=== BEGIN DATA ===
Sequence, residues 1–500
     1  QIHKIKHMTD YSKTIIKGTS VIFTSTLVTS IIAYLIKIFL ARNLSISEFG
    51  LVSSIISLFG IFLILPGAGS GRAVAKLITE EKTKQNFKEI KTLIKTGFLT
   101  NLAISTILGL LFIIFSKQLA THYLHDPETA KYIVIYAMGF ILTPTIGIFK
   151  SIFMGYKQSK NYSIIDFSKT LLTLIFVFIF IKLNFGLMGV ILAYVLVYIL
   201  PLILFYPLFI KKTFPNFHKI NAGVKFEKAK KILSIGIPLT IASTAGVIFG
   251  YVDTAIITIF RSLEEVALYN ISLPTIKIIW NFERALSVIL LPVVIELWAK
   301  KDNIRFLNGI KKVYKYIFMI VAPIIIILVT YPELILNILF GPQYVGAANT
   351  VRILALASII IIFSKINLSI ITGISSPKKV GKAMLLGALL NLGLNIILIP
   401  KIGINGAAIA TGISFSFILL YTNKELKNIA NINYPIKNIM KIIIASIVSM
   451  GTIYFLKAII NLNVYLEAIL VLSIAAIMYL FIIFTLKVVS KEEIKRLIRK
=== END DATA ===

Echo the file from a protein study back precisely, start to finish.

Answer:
Sequence, residues 1–500
     1  QIHKIKHMTD YSKTIIKGTS VIFTSTLVTS IIAYLIKIFL ARNLSISEFG
    51  LVSSIISLFG IFLILPGAGS GRAVAKLITE EKTKQNFKEI KTLIKTGFLT
   101  NLAISTILGL LFIIFSKQLA THYLHDPETA KYIVIYAMGF ILTPTIGIFK
   151  SIFMGYKQSK NYSIIDFSKT LLTLIFVFIF IKLNFGLMGV ILAYVLVYIL
   201  PLILFYPLFI KKTFPNFHKI NAGVKFEKAK KILSIGIPLT IASTAGVIFG
   251  YVDTAIITIF RSLEEVALYN ISLPTIKIIW NFERALSVIL LPVVIELWAK
   301  KDNIRFLNGI KKVYKYIFMI VAPIIIILVT YPELILNILF GPQYVGAANT
   351  VRILALASII IIFSKINLSI ITGISSPKKV GKAMLLGALL NLGLNIILIP
   401  KIGINGAAIA TGISFSFILL YTNKELKNIA NINYPIKNIM KIIIASIVSM
   451  GTIYFLKAII NLNVYLEAIL VLSIAAIMYL FIIFTLKVVS KEEIKRLIRK